Omnibus II trialogue update
Three more trialogues on the Omnibus II Directive are planned for June – two technical trialogues (12 & 18 June) and a final political trialogue on 20 June.
The Danish Presidency has reiterated its commitment to reach an agreement during its term. A spokesperson told Solvency II Wire, “All parties have the best intentions to complete the trialogue discussions by the end of June. The Danish Presidency has made it one of its priorities to complete the Omnibus II process during its current term and we are working hard towards this goal.” However, he noted that as discussions were ongoing it was not possible to confirm the completion time.
While he was unable to comment the progress of specific issues such as long-term guarantees, equivalence or reporting requirements, the spokesperson said it has been agreed from the start that any agreements made during the negotiations will be subject to final overall agreement of the entire text. “Nothing is agreed until everything is agreed,” he said.
A source close to the discussions said good progress was being made and expressed cautious optimism that it was possible to reach an agreement by the end of the month.
It is understood that moving the package of measures on long-term guarantees (Matching Adjustment, Counter Cyclical Premium and Extrapolation) to the Level 1 text, as proposed by the Parliament in March, is still being discussed. One possibility is of introducing a slimmed-down version of the measures. However the source confirmed that the package has to be treated as a whole and it was not possible to move only part of it to Level 1 – a factor which has made the negotiations difficult.
The pattern of the negotiation throughout the process has been to get a general agreement at a political level on specific issues first and then draft the details in the technical trialogues. The draft is then subject to final political approval.
ESRB cautions on the systemic impact of Solvency II.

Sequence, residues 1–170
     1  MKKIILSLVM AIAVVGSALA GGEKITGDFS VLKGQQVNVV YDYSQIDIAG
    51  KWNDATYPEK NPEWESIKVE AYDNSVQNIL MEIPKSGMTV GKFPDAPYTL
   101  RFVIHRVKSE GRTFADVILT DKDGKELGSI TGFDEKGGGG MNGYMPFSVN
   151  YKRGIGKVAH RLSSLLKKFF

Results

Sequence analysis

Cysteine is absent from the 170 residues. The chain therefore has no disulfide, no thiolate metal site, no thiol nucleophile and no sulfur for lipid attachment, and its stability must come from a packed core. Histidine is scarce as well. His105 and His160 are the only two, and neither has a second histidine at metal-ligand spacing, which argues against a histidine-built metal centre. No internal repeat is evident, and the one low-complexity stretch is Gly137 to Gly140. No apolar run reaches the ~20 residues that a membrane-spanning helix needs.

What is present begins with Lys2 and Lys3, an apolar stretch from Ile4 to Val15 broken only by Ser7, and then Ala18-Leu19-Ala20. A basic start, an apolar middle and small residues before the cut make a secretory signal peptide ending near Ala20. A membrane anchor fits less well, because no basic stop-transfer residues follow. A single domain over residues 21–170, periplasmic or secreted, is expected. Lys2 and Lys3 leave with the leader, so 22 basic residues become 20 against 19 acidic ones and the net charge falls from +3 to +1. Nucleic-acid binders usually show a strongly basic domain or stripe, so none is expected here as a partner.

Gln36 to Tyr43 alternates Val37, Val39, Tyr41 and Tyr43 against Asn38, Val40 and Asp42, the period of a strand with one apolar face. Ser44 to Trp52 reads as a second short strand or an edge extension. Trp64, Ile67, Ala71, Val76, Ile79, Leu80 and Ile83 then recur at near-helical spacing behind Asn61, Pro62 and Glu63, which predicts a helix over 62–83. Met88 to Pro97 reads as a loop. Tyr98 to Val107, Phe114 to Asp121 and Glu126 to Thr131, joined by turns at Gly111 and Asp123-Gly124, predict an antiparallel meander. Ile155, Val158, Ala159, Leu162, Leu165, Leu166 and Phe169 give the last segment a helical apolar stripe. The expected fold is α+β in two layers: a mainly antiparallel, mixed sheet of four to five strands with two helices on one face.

Mario Draghi, Chair of the European Systemic Risk Board (ESRB), told the ECON Committee that the ESRB was aware of the significance of Solvency II from a macro-prudential point of view. Speaking at a hearing before the ECON committee on 31 May, he said, “[Solvency II] may amplify the procyclicality of insurers’ balance sheets and, in particular, capital levels. This has been recognised by the legislator, which is designing several policy instruments (including some of a macro-prudential nature) to mitigate procyclicality and other factors.”
In its annual report, also published on 31 May, the body responsible for the macro-prudential oversight of the financial system within the EU said, “As a result of the Solvency II Directive insurance companies will be exposed to important regulatory changes that might affect their business models in particular their risk management and investment strategies.”
The report recognised that the insurance sector was less likely to pose an immediate systemic risk than banks but noted, “[Insurance companies] are not immune to the systemic nature of vulnerabilities within the financial sector. Moreover, their growing exposure to the interplay between sovereign and bank risks is becoming a challenge, at least in terms of risk concentration.
In its review of macro-prudential aspects of forthcoming EU legislation, the ESRB said it was closely following the negotiations on the Capital Requirements Directive (CRD), OTC derivatives, central counterparties and trade repositories (EMIR) and Omnibus II. With respect to the latter the report said the ESRB paid “particular attention to the provisions addressing elements of pro-cyclicality within the Solvency II Directive (e.g. the ‘counter-cyclical premium’).”
The ESRB is part of the European System of Financial Supervision (ESFS) – the body in charge of supervision of the EU’s financial system.